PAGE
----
Newspaper advertising revenues were down 5.1 percent in the third quarter, compared to the same period in 2011, the Newspaper Association of America reported.
The results were marginally better than those for the first two quarters of 2012, but the industry has posted advertising losses for 25 consecutive quarters, dating back to 2006.
Digital advertising grew 3.6 percent in the quarter. However that gain failed to cover print losses by a ratio of about 10 to 1. National print advertising was especially soft, falling 10.5 percent year-to-year.
According to company reports in the last month, circulation revenues, buoyed by digital subscriptions and price increases, are holding even or increasing. And some companies are generating growing revenue from other activities like contract printing and social media marketing services. Those categories of revenue are not measured quarterly by NAA.
EMarketer projects that US newspaper print ad revenues will to drop significantly in the coming years, slipping to $16.4 billion in 2016 from $19.14 billion in 2012. Digital revenues, which include all digital platforms, will edge up to $4 billion from $3.4 billion, so they will not cover losses from print.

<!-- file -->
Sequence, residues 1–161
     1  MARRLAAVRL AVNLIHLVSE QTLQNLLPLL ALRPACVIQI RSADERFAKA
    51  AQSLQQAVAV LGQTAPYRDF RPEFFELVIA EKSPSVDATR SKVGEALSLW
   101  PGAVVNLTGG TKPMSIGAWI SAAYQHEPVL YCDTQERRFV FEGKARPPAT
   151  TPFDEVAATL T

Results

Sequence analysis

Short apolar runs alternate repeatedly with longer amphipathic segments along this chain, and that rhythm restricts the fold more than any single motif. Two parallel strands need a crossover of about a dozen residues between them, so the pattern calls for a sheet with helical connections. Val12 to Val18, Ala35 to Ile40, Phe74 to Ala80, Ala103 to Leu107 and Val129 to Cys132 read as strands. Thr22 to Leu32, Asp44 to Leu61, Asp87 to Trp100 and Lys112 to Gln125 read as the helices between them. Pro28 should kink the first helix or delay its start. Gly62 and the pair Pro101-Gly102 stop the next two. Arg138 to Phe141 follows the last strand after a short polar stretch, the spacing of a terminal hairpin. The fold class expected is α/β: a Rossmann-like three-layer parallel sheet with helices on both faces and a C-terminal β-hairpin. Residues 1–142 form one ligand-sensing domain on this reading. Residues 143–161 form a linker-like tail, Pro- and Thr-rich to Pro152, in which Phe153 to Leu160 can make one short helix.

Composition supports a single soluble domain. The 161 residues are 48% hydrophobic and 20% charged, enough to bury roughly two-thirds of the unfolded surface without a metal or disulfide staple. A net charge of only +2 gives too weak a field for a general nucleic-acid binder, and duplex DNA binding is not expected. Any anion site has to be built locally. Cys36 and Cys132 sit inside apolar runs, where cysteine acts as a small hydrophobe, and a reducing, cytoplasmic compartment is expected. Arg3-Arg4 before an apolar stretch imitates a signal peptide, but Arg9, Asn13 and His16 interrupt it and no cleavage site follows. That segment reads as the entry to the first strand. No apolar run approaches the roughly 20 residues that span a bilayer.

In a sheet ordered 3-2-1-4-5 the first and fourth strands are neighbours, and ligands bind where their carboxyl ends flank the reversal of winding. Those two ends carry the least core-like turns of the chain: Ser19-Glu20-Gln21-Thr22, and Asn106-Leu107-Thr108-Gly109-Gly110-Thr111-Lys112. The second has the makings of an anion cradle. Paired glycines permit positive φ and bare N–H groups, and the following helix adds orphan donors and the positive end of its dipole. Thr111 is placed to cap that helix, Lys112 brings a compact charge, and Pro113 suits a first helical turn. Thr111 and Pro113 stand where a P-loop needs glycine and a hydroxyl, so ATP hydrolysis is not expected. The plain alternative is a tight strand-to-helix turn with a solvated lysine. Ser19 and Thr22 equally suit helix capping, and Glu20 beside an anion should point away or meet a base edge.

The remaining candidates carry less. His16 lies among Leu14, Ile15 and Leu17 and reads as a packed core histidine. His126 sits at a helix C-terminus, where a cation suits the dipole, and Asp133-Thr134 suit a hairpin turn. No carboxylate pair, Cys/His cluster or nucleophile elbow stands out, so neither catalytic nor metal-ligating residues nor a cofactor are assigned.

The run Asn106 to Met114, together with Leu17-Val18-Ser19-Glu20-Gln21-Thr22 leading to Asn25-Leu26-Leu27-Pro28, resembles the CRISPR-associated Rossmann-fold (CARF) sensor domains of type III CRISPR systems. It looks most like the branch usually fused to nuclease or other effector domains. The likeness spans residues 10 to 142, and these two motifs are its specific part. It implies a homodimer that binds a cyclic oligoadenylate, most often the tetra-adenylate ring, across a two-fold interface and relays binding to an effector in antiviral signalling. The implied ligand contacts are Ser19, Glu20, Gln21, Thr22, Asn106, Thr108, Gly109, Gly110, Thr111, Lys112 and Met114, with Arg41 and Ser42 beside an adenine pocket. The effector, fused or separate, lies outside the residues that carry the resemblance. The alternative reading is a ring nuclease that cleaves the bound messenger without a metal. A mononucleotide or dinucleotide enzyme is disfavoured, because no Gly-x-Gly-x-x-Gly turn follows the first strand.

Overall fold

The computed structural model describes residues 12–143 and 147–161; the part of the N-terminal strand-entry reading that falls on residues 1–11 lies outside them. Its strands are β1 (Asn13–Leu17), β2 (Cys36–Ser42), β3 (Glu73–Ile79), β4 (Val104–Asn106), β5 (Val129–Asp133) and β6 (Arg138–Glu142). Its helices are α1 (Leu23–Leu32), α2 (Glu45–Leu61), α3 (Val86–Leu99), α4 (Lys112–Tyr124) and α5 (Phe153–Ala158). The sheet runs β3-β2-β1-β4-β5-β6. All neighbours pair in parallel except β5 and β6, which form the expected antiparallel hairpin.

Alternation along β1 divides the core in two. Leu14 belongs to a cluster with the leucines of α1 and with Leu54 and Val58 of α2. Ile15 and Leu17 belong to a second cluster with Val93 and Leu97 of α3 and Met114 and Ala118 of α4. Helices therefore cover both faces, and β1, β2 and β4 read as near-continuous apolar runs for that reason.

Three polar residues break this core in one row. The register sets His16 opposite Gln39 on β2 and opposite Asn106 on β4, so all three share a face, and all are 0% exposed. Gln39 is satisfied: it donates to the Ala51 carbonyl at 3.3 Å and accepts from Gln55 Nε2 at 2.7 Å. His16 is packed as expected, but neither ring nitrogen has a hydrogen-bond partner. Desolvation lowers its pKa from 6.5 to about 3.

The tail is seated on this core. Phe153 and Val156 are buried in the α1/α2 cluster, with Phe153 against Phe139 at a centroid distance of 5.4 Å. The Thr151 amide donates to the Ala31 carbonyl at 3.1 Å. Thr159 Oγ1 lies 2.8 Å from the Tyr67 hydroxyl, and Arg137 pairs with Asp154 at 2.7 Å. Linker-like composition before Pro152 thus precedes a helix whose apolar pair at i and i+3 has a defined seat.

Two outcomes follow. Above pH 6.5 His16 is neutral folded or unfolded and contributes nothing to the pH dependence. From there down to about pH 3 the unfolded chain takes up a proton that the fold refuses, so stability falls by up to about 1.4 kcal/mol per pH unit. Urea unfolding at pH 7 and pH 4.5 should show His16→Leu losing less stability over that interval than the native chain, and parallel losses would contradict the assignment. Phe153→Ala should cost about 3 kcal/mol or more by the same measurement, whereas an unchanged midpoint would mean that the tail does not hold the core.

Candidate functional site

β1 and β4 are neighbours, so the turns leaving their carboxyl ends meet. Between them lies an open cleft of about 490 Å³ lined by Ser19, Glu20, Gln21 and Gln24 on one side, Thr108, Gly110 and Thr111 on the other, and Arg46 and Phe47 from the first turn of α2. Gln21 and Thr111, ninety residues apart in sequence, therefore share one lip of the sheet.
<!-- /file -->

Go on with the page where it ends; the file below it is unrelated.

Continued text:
Online Ad Revenues will pass print in 2012 says eMarketer as more people spend time online, a perception that online ads are more measurable, and a growing comfort by advertisers in ad campaigns that integrate multiple channels, including online.
Nonetheless, television will remain dominant through at least 2016, according to eMarketer.
Ohio’s largest newspaper, The Plain Dealer in Cleveland, could soon face the end of its 170-year run as a daily print publication. The “Save The Plain Dealer” campaign, largely orchestrated by its employees, has bought billboard ads opposing the possible cutbacks planned by the paper’s owner, Advance Publications.